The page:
Background: The glutamatergic modulator ketamine rapidly reduces depressive symptoms in individuals with treatment-resistant major depressive disorder (MDD). However, ketamine's effects on emotional processing biases remain largely unknown, and understanding these processes may help elucidate ketamine's mechanism of action.
Methods: Magnetoencephalography (MEG) was used to investigate ketamine's effects on early visual responses to affective stimuli in individuals with MDD (n=31) and healthy volunteers (HVs; n=24). Participants were enrolled in a double-blind, placebo-controlled, crossover clinical trial and were assessed at baseline and after subanesthetic-dose ketamine and placebo-saline infusions. During MEG recording, participants completed an emotional evaluation task in which they indicated the sex or emotional valence (happy-neutral or sad-angry) of facial stimuli. Source-localized event-related field (ERF) M100 and M170 amplitudes and latencies were extracted from regions of interest. Linear fixed effects models examined interactions between diagnosis, stimulus valence, and drug session for behavioral and MEG data.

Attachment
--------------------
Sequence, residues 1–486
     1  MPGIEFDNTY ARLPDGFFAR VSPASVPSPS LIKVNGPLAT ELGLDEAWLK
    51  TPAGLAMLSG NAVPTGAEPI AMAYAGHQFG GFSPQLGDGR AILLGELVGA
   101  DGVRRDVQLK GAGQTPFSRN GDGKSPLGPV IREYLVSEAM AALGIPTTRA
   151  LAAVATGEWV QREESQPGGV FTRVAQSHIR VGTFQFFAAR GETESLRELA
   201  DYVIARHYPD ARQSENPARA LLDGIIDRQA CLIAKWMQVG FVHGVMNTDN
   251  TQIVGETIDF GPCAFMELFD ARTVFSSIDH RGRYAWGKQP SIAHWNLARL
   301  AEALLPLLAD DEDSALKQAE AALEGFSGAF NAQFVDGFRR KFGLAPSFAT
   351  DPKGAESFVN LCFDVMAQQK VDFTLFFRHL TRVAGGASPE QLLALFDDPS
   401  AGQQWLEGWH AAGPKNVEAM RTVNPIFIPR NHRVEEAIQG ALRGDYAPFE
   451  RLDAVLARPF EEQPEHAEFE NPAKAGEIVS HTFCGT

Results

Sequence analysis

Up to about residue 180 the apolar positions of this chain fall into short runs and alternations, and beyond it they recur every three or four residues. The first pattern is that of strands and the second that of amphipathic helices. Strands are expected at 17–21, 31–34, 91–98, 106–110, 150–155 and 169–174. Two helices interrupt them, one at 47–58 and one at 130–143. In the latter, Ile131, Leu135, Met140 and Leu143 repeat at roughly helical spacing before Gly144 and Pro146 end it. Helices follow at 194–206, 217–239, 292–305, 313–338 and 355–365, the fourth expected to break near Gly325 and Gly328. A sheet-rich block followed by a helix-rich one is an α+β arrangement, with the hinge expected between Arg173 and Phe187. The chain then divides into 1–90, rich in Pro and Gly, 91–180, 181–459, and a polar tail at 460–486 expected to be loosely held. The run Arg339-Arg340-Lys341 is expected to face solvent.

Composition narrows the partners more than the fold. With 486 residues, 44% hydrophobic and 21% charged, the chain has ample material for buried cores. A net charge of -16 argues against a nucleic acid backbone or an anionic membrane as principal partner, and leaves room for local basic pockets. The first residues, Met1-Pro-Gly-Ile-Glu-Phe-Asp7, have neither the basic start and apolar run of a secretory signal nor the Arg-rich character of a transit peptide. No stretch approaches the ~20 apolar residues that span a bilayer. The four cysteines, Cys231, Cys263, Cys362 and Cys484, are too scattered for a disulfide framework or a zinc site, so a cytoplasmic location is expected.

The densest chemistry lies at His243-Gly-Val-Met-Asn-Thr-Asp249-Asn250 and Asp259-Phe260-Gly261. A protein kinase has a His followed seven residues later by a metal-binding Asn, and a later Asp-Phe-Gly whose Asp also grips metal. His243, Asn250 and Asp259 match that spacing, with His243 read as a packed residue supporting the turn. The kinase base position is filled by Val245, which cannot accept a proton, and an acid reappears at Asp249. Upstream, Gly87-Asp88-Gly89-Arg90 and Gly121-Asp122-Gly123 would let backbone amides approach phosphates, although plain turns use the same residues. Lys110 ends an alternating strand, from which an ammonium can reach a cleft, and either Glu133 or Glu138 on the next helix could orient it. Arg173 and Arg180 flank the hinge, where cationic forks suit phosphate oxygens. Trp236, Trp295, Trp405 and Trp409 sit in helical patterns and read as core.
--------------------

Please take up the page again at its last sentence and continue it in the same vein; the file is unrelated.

Results: In baseline behavioral analyses, MDD participants exhibited higher accuracy for sad-angry than happy-neutral faces, and HVs responded faster to happy-neutral than sad-angry faces. In the MEG post-infusion analyses, calcarine M100 amplitudes were larger in MDD than HV participants post-placebo but became more similar post-ketamine. Finally, fusiform M170 amplitudes were associated with antidepressant response in MDD participants.
Limitations: The modest sample size and the need to collapse across responses to happy and neutral faces to increase statistical power limit the generalizability of the findings.
Conclusions: Ketamine rapidly altered emotional stimulus processing in MDD, laying the groundwork for future investigations of biomarkers of antidepressant treatment response.
Clinical trial: Clinicaltrials.gov, NCT#00088699.
Trial registration: ClinicalTrials.gov NCT00088699.
Keywords: depression; emotional face processing; ketamine; magnetoencephalography.
Copyright © 2020. Published by Elsevier B.V.